Monday, March 13, 2017

My Feminism

“Wait…you’re NOT a feminist?” She stared at me confounded.
“Do you advocate for equality of the sexes?” Of course I do.
“But, you’re NOT a feminist?!” She shrieked, her p**sy hat about to fall off her head from utter shock.
It’s a hard concept to explain (by which I mean, it’s a hard concept for her to understand), so I don’t.
“I guess I’m just not into labels,” I say and walk away.
As a woman of color it’s hard for me to subscribe to the brand of feminism that white women are constantly trying to sell me on. You know, the kind that says, “All Lives Matter” and loses her s**t over some psycho kicking a cat, yet doesn’t bat an eye at the string of violent crimes committed against the systematically disenfranchised. White feminism. The type of feminism that focuses on the plight of white women while seemingly ignoring the issues faced by the less privileged. If that is your kind of feminism, then sorry, I’m not with it.
Don’t get me wrong. I love being a woman, I love being a woman of color, and f**k yeah I want to dismantle the patriarchy. I want women to speak about sexual assault without being questioned about the length of their skirts, I want women to go to work and make as much as their male counterparts, and I want a woman’s reproductive rights to no longer be reduced to a vote by a group of wealthy white men. I want this for every woman, regardless of her race, age, income, sexual identity, and/or religious beliefs.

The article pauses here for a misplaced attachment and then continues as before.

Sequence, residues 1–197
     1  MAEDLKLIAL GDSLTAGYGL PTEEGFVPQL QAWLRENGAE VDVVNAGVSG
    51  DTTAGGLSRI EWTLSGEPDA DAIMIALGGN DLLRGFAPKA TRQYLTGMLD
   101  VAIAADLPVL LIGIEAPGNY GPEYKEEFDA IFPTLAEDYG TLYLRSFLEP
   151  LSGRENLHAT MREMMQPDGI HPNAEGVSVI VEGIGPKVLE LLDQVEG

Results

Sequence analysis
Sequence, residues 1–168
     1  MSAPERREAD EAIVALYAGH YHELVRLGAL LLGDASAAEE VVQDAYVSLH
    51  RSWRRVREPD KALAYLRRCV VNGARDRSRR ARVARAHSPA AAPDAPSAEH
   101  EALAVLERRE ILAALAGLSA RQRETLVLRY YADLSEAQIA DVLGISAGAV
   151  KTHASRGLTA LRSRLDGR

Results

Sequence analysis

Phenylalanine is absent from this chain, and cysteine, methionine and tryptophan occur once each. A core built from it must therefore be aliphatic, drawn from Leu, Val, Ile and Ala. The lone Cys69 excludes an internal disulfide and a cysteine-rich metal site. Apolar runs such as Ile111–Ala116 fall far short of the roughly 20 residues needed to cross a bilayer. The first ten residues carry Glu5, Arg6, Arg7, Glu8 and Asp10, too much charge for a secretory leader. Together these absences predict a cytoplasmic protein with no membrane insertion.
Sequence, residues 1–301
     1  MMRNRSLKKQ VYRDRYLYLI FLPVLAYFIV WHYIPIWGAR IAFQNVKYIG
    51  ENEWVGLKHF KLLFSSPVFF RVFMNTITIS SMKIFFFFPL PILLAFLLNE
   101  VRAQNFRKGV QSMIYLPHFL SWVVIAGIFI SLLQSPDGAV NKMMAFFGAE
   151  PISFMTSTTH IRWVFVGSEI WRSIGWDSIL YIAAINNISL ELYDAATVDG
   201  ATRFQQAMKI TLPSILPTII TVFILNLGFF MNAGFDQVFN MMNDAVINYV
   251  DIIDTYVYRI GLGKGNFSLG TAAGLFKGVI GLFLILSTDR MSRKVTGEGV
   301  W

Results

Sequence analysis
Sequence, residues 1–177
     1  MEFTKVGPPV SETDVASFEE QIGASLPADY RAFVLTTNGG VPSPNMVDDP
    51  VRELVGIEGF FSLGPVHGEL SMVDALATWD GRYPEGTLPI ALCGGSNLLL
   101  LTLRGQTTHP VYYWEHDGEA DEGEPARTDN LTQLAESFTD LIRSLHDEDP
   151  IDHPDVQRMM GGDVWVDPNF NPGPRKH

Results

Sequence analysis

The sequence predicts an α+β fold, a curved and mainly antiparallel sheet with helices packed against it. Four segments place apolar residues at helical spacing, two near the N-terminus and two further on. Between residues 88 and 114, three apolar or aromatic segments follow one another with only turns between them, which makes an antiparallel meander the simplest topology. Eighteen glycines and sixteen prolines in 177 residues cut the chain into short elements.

Yet that is my problem with mainstream feminism: the exclusivity of it. Mainstream feminism advocates for women rights, and that is great, yet it forgets that not every woman’s path toward those rights is the same. Whereas white women have their gender against them, women of color and other marginalized women, have their gender plus their race, or their sexual orientation, or their economic status, or sometimes all of these and more, against them. Feminism is not one size fits all. It should be intersectional and it should not prioritize the issues of one group over the others.
The fact is that feminism occurs across many different spectrums, and thus awards every woman the right to define herself as she chooses to. Is a woman less of a feminist because she wears a hijab? Because she was born a man? Because she makes her boyfriend a sandwich? Mainstream feminism will have you believe that yes, these things may get you a pink slip from the feminist club, but I chose to differ.
My feminism deals with many issues, not just the issues of middle class white women. Poor women, women of color, women of the LGBT community, we all have our struggles and if we feel your particular movement does not represent it, then excuse us as we choose not to join it. Does that make us less of a feminist? Nah, it just makes us more of a humanist.

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